Washington’s job market experienced a boost in September with the addition of approximately 7,900 jobs. Despite the increase in jobs, the unemployment rate stayed steady at 3.6%, according to the Employment Security Department (ESD).
ESD’s State Economist, Paul Turek, observed, “The rate at which jobs grew this month surpassed the growth from the previous month.” He noted that while there’s a consistent demand for workers, the general trend still leans towards a slower job growth rate.
In September, 54,073 individuals received unemployment benefits from the ESD—2,862 fewer than in August. The reduction in claims primarily came from the transportation, warehousing, health care, and social assistance sectors.
Interestingly, in the data for August 2023, it was initially estimated that 2,900 jobs were added. However, this number was later adjusted to a growth of 2,500 jobs. National figures reflected a similar trend, with the national unemployment rate in September at 3.8%.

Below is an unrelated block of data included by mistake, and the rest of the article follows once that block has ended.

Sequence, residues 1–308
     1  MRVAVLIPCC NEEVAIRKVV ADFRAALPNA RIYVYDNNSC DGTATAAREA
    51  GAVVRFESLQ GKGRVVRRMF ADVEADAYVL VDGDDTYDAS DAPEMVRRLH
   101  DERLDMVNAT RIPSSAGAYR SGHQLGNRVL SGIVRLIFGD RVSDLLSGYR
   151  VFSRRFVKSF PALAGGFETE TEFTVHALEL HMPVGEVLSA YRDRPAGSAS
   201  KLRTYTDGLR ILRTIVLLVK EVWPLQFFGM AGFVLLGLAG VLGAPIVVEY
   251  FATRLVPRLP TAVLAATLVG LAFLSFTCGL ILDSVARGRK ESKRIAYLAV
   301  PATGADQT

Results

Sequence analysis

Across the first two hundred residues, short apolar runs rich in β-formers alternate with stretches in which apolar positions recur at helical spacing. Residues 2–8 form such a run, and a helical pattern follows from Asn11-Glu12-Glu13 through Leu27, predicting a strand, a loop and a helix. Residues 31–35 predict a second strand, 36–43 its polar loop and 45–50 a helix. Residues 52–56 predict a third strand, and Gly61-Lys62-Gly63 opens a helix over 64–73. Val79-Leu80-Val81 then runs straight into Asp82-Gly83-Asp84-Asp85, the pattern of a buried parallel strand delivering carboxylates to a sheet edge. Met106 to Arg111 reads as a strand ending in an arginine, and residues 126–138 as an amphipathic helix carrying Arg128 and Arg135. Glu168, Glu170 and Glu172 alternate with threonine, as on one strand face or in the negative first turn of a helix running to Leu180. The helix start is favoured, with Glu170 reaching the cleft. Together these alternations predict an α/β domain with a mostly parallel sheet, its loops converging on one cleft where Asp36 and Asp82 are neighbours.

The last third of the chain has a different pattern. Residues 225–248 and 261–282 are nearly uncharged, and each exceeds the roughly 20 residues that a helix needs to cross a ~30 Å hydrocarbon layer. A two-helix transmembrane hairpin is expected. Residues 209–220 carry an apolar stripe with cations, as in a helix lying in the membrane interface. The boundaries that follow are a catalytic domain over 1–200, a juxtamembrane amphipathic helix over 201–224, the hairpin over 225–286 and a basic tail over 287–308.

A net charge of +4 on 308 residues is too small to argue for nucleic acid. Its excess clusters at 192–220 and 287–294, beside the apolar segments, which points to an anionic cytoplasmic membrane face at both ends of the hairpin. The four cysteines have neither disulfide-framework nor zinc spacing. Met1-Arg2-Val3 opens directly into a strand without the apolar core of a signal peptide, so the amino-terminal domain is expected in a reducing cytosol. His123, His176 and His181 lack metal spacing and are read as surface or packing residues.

Examining the broader workforce in Washington, there was a slight dip in September, with 6,000 fewer people. This labor force includes everyone above 16, both employed and unemployed. It’s important to understand that being part of the labor force doesn’t just mean being employed. Even if someone is jobless but is actively seeking work, they’re counted. So, a decline in the labor force indicates that people have stopped actively looking for jobs for over a month.
Zooming into specific sectors in September, private companies added 6,900 jobs, while government positions increased by 1,000. Major job growth sectors included professional and business services, education, and health. On the flip side, construction and other services witnessed a decline in employment. Retail services lost 800 jobs in September—3,200 jobs in total year-over-year.
Looking at the yearly growth from September 2022 to September 2023, Washington saw an impressive addition of 55,300 jobs. The sectors that led this growth were education and health services, leisure and hospitality, and government. However, some sectors, like information and retail trade, experienced a decrease in jobs.